I agree with Rachel on this, offering positive platitudes is often easier than allowing ourselves to feel anything, so it’s what we offer people who are feeling so much more than that.
“I truly believe that ultimately, we all want to be listened to and supported. We don’t want to be told why our feelings aren’t correct — feelings we have about our own situations. When we hear “Tell me more” or “That sounds really difficult” instead of being advised to be strong and positive, we feel seen. Those who hold space for us are brave. They are willing to set aside their own needs to attend to ours. What a gift this is.”
This is the hard work of supporting people through difficult times. When we hear of something bad happening, we want to say something, and it usually ends up sounding something like toxic positivity, because we don’t know how to handle someone really struggling, and talking about those struggles. We want them to be OK, because we care about them yes, but also because it’s really, really uncomfortable to sit with someone in pain, and so we look for the thing that will make us feel better. Telling someone how strong they are, how things always work out for the best, etc. is really just letting ourselves off the hook for doing the difficult work.We can;t hold space for the people around us trying to heal, or grieving, because we aren’t comfortable with our own emotions. So, we shut down the space, toss out some “good thoughts” and move one.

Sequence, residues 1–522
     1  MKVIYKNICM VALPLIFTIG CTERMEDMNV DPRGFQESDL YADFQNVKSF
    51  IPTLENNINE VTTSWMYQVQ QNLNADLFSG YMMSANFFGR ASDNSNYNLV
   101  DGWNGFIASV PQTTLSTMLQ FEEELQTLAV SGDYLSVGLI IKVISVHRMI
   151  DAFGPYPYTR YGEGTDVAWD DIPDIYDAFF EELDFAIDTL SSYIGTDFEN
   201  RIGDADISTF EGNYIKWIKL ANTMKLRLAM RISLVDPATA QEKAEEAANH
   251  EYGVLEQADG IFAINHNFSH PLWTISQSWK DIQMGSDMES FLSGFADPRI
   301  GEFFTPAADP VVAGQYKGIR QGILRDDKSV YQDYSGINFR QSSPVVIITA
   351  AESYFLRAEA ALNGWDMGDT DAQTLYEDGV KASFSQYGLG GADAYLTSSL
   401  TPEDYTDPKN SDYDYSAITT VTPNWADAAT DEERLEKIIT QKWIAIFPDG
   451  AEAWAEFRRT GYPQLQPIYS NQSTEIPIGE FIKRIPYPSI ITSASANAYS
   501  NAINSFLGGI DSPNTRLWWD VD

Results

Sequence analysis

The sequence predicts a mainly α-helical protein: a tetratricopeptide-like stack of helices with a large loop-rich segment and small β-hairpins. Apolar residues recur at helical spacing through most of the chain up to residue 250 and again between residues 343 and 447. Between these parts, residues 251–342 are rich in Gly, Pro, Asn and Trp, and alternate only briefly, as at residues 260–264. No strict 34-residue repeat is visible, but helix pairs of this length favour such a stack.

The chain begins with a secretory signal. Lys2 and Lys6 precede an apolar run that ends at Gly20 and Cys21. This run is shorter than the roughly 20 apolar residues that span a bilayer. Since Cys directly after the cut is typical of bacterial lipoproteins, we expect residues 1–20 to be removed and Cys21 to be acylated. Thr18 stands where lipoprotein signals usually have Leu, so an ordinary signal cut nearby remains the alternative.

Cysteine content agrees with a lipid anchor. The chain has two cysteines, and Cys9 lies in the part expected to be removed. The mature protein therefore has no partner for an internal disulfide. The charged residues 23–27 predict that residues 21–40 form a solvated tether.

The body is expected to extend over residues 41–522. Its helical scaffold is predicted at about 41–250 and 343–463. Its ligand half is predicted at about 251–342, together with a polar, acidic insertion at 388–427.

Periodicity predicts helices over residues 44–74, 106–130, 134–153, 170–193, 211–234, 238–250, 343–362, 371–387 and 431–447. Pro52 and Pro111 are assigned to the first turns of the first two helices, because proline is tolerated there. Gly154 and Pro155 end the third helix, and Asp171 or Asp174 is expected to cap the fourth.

That’s not really good enough, and yes, as the link below describes, you’re doing more harm than good. You might know that if you actually help space for someone struggling.